The hesitancy to defend China can also be ascribed to the widespread misconception that because of its market-oriented reforms, the People’s Republic is no longer socialist. The truth is much more complicated. The Tiananmen Square protests occurred at a time when China was undergoing economic liberalization not unlike glasnost and perestroika in the USSR under Mikhail Gorbachev. The demonstrations themselves even consisted of many Maoists who opposed the reforms under Deng Xiaoping such as the privatization of agribusiness and the social safety net, as the participants were not all united under the same demands or political tendencies. Still, Deng was no Gorbachev as he oversaw the ratification of the most recent constitution which maintained much of the socialist system. Through all its many significant faults, the People’s Republic has lifted nearly a billon people out of poverty since 1949 and while it is true there are still tens of millions who are poor, the Communist Party continues to organize the economy to eventually raise those remaining to a higher standard of living under the guide of its self-professed ‘socialism with Chinese characteristics.’

Despite its market economy and the adoption of some outward capitalist features, its public and state-owned enterprises are of much greater prevalence. The state sector has a bigger share in everything from transit to energy while virtually all land and property is still owned by collectivities or the state. There is not a single private bank in China which includes the world’s largest that is state-controlled, as are virtually all major media outlets from television to newspapers. Fundamentally, its advances on the world stage are more attributable to a planned economy than the free market. That Beijing is increasingly in the crosshairs of imperialism is only a further sign of the inevitable decline of the American empire. As for the fact that China is not only producing more cars than the West but many of the world’s billionaires is indeed an internal contradiction — but only an inherent one to those who have been duped into believing that socialism is about making everyone equally poor. If you believe that, there is a proverbial bridge in Brooklyn to sell you.

Why Shouldn’t the Boston Marathon Bomber Vote? U.S. Politicians Radicalized Him

Last month, 2020 U.S. presidential hopeful Bernie Sanders stirred controversy at a CNN town hall after answering a loaded question about whether his position on extending voting rights to incarcerated felons barred any exceptions such as the Boston Marathon bomber currently on death row. It was impossible for Sanders to respond honestly without being entrapped by the inclusion of Dzhokar Tsarnaev as an example, but the self-professed ‘democratic socialist’ gave a reflective explanation of the complexities of the issue behind his reasoning. The 77-year old Senator from Vermont’s thoughtful answer possibly avoided a campaign fate like that which befell 1988 Democratic nominee Michael Dukakis after he gave a widely perceived clinical reply in the presidential debates to whether he favored the death penalty for a hypothetical rapist and murderer of his own wife. Nevertheless, enough damage was done for a brief media firestorm to ensue following the televised event.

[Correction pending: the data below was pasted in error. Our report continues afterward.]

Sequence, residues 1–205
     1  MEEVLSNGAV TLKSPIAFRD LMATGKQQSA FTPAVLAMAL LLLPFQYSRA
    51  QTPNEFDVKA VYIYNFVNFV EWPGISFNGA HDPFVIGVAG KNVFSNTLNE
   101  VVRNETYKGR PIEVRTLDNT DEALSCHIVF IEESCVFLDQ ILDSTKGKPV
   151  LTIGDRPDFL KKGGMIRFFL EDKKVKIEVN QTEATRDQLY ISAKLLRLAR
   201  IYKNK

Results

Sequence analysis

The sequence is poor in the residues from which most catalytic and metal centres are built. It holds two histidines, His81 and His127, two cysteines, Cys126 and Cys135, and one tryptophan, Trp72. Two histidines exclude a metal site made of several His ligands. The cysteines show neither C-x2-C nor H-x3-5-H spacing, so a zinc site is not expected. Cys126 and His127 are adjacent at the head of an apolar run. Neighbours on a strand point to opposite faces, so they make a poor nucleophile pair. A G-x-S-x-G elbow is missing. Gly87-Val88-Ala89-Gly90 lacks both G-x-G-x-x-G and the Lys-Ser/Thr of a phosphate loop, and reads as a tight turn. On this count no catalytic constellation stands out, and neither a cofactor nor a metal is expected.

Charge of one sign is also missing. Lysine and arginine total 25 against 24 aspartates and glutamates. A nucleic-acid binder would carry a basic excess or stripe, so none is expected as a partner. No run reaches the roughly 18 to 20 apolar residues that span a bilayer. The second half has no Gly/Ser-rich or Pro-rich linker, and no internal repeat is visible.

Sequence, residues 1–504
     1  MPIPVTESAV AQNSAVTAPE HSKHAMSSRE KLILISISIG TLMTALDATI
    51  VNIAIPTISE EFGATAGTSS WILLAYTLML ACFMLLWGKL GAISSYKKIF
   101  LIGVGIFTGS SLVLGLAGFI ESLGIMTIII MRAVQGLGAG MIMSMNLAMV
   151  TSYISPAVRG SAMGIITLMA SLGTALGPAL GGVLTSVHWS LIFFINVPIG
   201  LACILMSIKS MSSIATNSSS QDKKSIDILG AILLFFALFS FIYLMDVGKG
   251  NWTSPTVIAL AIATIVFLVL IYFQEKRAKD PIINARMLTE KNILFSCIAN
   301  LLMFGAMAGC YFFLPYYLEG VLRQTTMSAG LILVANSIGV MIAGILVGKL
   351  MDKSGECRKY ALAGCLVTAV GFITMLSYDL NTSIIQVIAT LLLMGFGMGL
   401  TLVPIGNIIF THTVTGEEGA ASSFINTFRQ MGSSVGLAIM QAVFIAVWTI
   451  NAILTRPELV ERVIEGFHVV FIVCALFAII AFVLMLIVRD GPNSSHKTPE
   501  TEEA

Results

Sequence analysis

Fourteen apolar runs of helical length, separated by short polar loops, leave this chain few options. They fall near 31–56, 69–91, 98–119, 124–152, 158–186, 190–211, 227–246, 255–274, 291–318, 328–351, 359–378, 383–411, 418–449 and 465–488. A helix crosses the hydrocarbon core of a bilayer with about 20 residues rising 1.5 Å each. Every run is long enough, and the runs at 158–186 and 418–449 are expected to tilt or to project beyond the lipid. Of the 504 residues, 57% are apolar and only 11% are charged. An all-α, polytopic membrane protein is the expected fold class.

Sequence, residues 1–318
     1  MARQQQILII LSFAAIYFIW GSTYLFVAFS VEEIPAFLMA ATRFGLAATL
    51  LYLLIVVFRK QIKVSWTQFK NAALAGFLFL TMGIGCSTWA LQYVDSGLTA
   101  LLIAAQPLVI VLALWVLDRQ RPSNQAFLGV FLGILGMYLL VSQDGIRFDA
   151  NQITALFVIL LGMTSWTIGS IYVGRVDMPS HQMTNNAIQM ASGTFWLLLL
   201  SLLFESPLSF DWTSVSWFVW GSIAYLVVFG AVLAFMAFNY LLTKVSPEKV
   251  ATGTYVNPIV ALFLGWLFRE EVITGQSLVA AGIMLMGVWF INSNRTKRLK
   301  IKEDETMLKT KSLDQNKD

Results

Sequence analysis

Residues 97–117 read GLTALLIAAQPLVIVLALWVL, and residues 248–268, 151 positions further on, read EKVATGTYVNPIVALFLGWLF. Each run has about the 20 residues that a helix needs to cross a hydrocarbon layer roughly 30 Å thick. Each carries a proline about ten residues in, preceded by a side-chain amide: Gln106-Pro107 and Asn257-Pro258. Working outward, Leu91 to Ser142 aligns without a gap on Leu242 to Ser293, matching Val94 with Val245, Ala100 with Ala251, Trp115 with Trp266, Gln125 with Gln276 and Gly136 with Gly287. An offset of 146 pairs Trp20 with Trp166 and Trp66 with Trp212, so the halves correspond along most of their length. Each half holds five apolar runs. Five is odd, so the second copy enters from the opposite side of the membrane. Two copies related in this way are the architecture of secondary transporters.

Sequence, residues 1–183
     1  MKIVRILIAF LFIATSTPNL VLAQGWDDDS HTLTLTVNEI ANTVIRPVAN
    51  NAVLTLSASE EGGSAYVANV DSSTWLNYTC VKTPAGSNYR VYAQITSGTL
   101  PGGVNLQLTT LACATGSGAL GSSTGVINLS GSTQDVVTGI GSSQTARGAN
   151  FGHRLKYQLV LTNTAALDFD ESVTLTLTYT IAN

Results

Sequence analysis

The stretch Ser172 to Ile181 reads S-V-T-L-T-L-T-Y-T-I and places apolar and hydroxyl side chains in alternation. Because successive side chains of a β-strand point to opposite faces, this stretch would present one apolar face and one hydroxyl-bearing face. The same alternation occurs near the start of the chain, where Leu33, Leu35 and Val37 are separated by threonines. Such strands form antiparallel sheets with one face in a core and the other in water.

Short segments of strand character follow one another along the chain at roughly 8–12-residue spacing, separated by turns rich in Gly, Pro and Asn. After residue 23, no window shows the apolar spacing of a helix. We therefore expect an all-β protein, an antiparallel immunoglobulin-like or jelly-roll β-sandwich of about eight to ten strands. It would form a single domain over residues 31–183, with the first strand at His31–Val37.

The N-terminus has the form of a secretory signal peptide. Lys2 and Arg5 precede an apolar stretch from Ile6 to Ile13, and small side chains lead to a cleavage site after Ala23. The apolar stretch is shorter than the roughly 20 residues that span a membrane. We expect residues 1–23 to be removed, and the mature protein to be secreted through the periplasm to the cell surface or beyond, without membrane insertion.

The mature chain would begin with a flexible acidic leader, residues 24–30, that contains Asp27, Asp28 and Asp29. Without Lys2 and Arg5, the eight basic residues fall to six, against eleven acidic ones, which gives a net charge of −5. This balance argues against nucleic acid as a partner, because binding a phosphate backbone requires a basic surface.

The backlash was entirely predictable across mainstream media, as were the reactions on both sides of the isle exemplifying the all too familiar shallow discourse of U.S. politics. Fox News and Donald Trump did the expected flag-waving, while Democratic Party ‘progressives’ tried to salvage the legitimate issue of voter suppression distorted by the question in what was another coordinated hit by CNN. The network previously exploited its conflicts of interest with the political establishment by colluding with the Democratic National Committee (DNC) against Sanders in 2016 with then-host and party chair Donna Brazile’s slipping of debate questions to his primary opponent, Hillary Clinton. While the Democratic status quo continues to sabotage any remotely progressive candidates in its field, Trump has created a distraction from the GOP’s systematic disenfranchisement campaign that purged ballots of racial minorities and the poor with wild exaggerations of the number of illegal immigrants registered to vote. It is hardly surprising that the world superpower with more than 800 military bases around the globe would also have such a large prison population that enfranchising its inhabitants would swing the outcome of its elections. Meanwhile, the bankrupt Democratic leadership has shown little concern for the voter suppression attacks compared to its ongoing obsession with bogus allegations of Russian meddling.